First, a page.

Of all possible exercises, stretching tends to be the most overlooked and neglected among seniors, yet nothing is more vital to keeping an aging body limber and injury-free. Here’s what you should know along with some tips and resources to help you regain some flexibility.
As we age, our muscles naturally lose their elasticity if you’re not active, which can make common day-to-day activities like reaching down to tie your shoes, or looking over your shoulder to back your car out of the driveway difficult.
But the good news is, by incorporating some simple stretching exercises into your routine (at least three times a week) you can greatly improve your flexibility, as well as enhance your balance, posture and circulation, relieve pain and stress, and prevent injuries. Stretching is also important as a warm-up and cool-down for more vigorous activities, and leg stretching is an excellent way to prevent nighttime leg cramps, too.
Stretching exercises should focus on the muscles in your calves, front and back thighs, hips, lower and upper back, chest, shoulders and neck. If you’ve had hip or back surgery, you should talk to your doctor before doing lower-back flexibility exercises.
If you don’t have any experience with stretching, there are books like “Stretching for Dummies” and “Stretching for 50+” that you can purchase at your local bookstore or amazon.com that provide instructions and illustrations of proper techniques.
There are also a number of DVDs and videos you can buy to guide you through a series of stretching exercises you can do at home. Collage Video (collagevideo.com, 800-819-7111) sells several at prices ranging between $10 and $20, as does iefit.com and amazon.com.
Also see a resource created by the National Institutes on Aging, that offers a free exercise DVD and booklet that provides illustrated examples of stretching exercises. You can order your free copies online or by calling 800-222-2225.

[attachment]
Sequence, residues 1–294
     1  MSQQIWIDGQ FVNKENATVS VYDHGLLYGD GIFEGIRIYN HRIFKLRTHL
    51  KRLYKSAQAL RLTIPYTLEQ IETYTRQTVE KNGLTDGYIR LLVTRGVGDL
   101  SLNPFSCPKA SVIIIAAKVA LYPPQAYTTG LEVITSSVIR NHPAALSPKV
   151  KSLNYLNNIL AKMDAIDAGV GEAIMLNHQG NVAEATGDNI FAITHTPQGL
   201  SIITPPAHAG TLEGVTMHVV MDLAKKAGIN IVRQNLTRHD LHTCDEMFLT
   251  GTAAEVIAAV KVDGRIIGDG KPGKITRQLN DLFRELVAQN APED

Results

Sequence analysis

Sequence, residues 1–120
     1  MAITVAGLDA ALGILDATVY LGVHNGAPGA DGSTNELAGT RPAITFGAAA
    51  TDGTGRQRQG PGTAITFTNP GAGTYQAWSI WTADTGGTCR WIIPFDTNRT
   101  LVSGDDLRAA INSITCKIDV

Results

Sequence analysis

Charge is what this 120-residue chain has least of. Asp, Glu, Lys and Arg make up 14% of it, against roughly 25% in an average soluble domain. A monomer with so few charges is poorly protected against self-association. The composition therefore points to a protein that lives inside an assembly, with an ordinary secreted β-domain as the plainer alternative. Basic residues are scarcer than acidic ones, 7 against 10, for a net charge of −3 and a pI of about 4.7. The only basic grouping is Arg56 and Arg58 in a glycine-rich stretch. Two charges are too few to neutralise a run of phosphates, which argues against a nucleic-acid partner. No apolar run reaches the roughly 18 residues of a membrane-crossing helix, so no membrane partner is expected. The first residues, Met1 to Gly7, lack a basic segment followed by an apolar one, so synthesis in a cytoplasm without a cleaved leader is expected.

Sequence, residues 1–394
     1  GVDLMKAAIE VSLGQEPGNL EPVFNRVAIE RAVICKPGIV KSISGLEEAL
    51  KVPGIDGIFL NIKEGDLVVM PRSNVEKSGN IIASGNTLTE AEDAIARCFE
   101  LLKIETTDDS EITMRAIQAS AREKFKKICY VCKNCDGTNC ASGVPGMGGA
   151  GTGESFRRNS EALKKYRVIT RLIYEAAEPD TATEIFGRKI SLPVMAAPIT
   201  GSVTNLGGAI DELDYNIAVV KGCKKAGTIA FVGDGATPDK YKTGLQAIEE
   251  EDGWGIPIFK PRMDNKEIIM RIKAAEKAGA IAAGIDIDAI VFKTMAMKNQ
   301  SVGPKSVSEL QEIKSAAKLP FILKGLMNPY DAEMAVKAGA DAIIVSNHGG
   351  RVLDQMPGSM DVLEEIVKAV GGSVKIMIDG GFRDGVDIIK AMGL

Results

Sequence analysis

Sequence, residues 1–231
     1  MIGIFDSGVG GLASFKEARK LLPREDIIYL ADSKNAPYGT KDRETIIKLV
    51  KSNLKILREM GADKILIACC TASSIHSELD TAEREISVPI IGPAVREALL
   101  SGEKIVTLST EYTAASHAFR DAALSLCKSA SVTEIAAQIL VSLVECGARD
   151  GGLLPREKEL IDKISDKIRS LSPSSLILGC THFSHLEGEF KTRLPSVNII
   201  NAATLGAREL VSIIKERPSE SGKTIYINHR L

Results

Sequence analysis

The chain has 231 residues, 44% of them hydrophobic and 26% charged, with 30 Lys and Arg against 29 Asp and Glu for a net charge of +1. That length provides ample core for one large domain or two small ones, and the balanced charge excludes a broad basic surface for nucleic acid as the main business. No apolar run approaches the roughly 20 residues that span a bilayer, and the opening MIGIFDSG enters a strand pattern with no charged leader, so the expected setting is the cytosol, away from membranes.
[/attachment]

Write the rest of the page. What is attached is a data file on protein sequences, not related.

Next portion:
While stretching, it’s very important to listen to your body. You want to stretch each muscle group to the point where the muscle feels tight. If it hurts, you’ve gone too far. Back off to the point where you don’t feel any pain, then hold the stretch for 10 to 20 seconds. Relax, then repeat it three to five times, trying to stretch a little farther, but don’t bounce. Bouncing greatly increases your chance of injury.
It’s also a good idea to warm up a little before you start stretching by walking in place and pumping your arms. And remember to breathe when you stretch. Keep in mind that muscles that have not been stretched in a while take time to regain their flexibility. So be patient and go slowly.
Another popular way to improve your flexibility is through gentle yoga or chair yoga. In chair yoga, you replace the yoga mat with a chair where most poses can be duplicated. This is much easier on tight, inflexible muscles.
To get started, there are DVDs and videos that offer yoga instructions and routines for seniors that you can do at home. Some good resources for finding them are peggycappy.net and yogaheart.com, or check with your local public library.
Tai chi is another good exercise option for improving flexibility and balance. To learn it, it’s best to work with an instructor who can teach you the correct movements and breathing techniques. To locate a class in your area, call your local senior center, health club or wellness center or check your yellow pages. If nothing’s available, tai chi DVDs for seniors (see amazon.com, collagevideo.com and iefit.com) are a good alternative.
Jim Miller publishes the Savvy Senior, a nationally syndicated column that offers advice for Boomers and Seniors.
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